As we age, our healthcare needs often change. For example, we might experience hearing loss or chronic pain. We might want to engage in advance care planning.
Now imagine that simply communicating with healthcare providers is a struggle. What would you do to meet your health needs?
University of Wisconsin–Madison School of Nursing Assistant Professor Maichou Lor, PhD, RN seeks to improve healthcare for people with limited English proficiency, with a focus on Hmong elders. She points out that without good communication, we can’t reduce health disparities.
“The common thread in my work is health communication,” says Lor. “My research is driven by the community, focusing on the issues they bring to the forefront. The biggest barriers to healthcare access are around communication. So, one of my goals is to identify aspects of communication that we can enhance to improve the Hmong community’s access to healthcare.”
Lor’s community-engaged research has addressed pain assessment, hearing loss, medical interpretation, and end-of-life care, among other topics.
“I am conducting research related to pain because, for many individuals, pain is a primary motivation for seeking medical care,” she says. “And without access to the right diagnostic tools, people can’t get appropriate treatment for hearing loss. So, it’s all about access.”
For her hearing-related research, Lor works with audiologists, a linguist, and an ENT physician.
“Collaborating across professions brings innovative solutions,” says Lor. “Thinking innovatively, asking what do we know from the clinical side? What do we know from the research side about what people are struggling with? How can we use our expertise together to address a health equity issue?”
Lor’s goals include developing, testing, and disseminating tools for clinical practice.
“We developed the first Hmong word lists to diagnose and provide better hearing care, which I think is amazing,” she says. “My father also has hearing loss, so that became an even greater motivator.”
Word recognition tests are a basic component of hearing evaluations. Hmong people began immigrating to the United States fifty years ago. Yet, until the recent work by Lor and her colleagues, there were no tools to provide accurate diagnoses of hearing loss among Hmong speakers.
The lists also benefit native Hmong speakers who speak English. “Having the list in the native language gives a lot of advantage to monitoring hearing status and making treatment decisions,” says Lor.
Her colleagues are presenting at audiology conferences, to encourage wide use of the Hmong word lists.
“There are multiple layers that we have to unpack to make sure the lists are going to be used and available to the population,” says Lor, though interest in the Hmong word lists is growing. “We recently completed a national survey with audiologists to determine which languages they would like to have word lists in. Hmong was requested, highlighting the need for Hmong language materials.”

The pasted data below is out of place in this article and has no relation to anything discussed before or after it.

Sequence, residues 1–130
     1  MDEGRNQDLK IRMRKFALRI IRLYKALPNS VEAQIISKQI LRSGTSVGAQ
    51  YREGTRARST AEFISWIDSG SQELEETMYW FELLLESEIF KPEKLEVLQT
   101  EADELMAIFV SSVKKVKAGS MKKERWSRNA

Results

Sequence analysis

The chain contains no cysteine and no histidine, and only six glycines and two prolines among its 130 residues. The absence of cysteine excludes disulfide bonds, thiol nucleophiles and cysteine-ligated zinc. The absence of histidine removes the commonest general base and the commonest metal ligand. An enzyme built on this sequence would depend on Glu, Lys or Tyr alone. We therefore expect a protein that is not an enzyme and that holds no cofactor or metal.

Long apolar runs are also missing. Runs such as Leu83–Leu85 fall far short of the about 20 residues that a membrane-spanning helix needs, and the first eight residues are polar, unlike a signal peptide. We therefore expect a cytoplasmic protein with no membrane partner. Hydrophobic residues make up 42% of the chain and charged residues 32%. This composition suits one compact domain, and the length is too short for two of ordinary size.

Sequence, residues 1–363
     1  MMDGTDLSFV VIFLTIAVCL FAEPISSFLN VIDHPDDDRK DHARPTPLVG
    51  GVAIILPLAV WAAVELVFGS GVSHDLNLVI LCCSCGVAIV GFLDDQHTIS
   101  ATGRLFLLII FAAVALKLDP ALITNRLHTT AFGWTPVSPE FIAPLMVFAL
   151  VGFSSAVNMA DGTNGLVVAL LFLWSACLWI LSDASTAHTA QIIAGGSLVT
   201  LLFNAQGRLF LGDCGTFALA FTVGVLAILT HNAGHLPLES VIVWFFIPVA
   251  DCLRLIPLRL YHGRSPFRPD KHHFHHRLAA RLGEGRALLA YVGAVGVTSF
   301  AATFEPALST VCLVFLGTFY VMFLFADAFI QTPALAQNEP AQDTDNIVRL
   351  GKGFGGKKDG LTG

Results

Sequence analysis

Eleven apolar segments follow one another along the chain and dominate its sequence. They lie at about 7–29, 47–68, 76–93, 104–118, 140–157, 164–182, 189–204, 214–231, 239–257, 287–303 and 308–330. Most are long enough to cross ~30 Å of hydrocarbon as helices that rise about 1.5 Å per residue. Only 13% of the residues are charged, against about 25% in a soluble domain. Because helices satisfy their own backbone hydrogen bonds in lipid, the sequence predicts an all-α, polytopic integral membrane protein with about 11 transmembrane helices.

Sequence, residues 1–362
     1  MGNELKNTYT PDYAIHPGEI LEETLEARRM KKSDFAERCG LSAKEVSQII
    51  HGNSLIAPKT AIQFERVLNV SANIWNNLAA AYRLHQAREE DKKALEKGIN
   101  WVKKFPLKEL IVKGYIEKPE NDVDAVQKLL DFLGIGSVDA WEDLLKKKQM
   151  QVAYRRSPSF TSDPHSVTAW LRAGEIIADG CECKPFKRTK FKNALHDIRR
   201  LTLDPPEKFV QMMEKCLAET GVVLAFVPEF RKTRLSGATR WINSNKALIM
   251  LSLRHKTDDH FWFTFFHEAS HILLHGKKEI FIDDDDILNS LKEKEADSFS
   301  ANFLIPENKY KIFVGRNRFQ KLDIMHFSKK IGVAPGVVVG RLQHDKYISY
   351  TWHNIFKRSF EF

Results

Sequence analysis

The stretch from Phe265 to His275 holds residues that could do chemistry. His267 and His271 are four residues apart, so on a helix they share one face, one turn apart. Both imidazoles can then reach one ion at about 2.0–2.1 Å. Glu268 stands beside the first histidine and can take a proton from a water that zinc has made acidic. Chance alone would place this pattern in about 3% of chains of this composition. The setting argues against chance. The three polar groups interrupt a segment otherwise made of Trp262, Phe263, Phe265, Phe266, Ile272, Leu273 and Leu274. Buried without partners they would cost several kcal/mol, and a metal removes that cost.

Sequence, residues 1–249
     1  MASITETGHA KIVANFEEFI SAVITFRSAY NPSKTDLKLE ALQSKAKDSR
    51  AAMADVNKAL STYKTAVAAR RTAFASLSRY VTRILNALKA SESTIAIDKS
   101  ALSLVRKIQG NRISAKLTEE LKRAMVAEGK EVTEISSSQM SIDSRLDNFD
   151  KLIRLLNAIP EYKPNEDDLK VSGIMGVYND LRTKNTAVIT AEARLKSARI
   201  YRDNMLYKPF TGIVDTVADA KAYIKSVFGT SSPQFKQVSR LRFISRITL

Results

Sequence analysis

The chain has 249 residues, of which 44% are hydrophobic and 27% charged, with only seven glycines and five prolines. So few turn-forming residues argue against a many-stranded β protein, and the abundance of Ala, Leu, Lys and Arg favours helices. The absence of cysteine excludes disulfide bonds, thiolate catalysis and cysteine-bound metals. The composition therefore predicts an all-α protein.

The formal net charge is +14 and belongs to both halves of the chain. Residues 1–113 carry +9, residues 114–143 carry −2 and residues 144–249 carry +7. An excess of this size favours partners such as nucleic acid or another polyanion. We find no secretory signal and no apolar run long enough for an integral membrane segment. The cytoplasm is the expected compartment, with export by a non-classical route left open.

Another of Lor’s projects is developing a Hmong and English medical dictionary.
“Often dictionaries are developed by researchers or professionals, leaving out the people who are the users,” says Lor. She’s developing the dictionary with community members, clinicians who work with the Hmong community, and advisory groups of family and professional interpreters.
“We’ve collected data from the community on how they express certain conditions or health concepts,” says Lor. “Then we worked with the advisors to translate that. Now we’re in the phase of testing it, bringing it back to the community” to ask, “Does this make sense? Is it culturally relevant?”
“What we’ve learned from the Hmong community and interpreters is that a simple technical or literal translation is insufficient,” explains Lor. “Our translations need to encompass cultural nuances and the unique ways in which individuals express themselves. This will ensure that the Hmong translations are understandable to the Hmong community.”
If providers always expect a direct word-for-word translation, “that creates miscommunication and a ripple effect of poor care,” says Lor.
“We’re trying to bridge the gaps between the differences in mental models and communication styles,” she says. “This dictionary is nuanced. It has both English and Hmong translations, including both Hmong dialects. We provide practical examples of how terms are used, real-life descriptions, and phrases commonly used by the community to describe their health.”
“In Western medicine, we are so focused on getting a discreet, exact answer,” says Lor. “But some communities of color may not be used to this type of healthcare system. They’re more storytellers. Their physical, spiritual, and mental well-being are interrelated in how they describe how they’re feeling and what they’re experiencing.”
Lor wants to broaden both the use of her tools and the application of her approaches.
“At this stage of my career, we’ve developed and pilot tested a set of tools to enhance communication and improve healthcare access,” she says. “Moving forward, I’m transitioning from intervention research to implementation science to address some of the health disparities and inequities that the Hmong community is experiencing in healthcare settings. I hope that we will have a meaningful impact and be able to use our findings as a model for other communities.”